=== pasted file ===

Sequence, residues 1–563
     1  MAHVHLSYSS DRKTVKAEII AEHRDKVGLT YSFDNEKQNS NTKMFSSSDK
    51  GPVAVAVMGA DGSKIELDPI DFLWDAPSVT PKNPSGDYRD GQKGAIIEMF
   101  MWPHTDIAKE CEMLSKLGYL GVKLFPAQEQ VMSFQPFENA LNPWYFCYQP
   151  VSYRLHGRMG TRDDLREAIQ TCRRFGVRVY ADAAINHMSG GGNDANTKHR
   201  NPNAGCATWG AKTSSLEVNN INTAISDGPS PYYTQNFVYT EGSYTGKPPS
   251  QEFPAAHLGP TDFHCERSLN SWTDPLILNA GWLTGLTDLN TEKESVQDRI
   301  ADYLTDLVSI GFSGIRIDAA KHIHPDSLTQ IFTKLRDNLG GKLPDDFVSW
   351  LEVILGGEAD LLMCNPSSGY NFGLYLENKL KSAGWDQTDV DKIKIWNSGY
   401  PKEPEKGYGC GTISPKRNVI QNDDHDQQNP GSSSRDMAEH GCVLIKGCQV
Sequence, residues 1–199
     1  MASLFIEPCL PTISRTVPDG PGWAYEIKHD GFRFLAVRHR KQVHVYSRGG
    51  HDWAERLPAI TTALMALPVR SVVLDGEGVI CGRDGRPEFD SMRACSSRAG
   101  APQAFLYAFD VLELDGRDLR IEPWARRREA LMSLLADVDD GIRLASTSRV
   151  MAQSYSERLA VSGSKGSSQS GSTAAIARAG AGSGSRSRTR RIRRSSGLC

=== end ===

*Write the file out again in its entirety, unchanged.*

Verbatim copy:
Sequence, residues 1–563
     1  MAHVHLSYSS DRKTVKAEII AEHRDKVGLT YSFDNEKQNS NTKMFSSSDK
    51  GPVAVAVMGA DGSKIELDPI DFLWDAPSVT PKNPSGDYRD GQKGAIIEMF
   101  MWPHTDIAKE CEMLSKLGYL GVKLFPAQEQ VMSFQPFENA LNPWYFCYQP
   151  VSYRLHGRMG TRDDLREAIQ TCRRFGVRVY ADAAINHMSG GGNDANTKHR
   201  NPNAGCATWG AKTSSLEVNN INTAISDGPS PYYTQNFVYT EGSYTGKPPS
   251  QEFPAAHLGP TDFHCERSLN SWTDPLILNA GWLTGLTDLN TEKESVQDRI
   301  ADYLTDLVSI GFSGIRIDAA KHIHPDSLTQ IFTKLRDNLG GKLPDDFVSW
   351  LEVILGGEAD LLMCNPSSGY NFGLYLENKL KSAGWDQTDV DKIKIWNSGY
   401  PKEPEKGYGC GTISPKRNVI QNDDHDQQNP GSSSRDMAEH GCVLIKGCQV
Sequence, residues 1–199
     1  MASLFIEPCL PTISRTVPDG PGWAYEIKHD GFRFLAVRHR KQVHVYSRGG
    51  HDWAERLPAI TTALMALPVR SVVLDGEGVI CGRDGRPEFD SMRACSSRAG
   101  APQAFLYAFD VLELDGRDLR IEPWARRREA LMSLLADVDD GIRLASTSRV
   151  MAQSYSERLA VSGSKGSSQS GSTAAIARAG AGSGSRSRTR RIRRSSGLC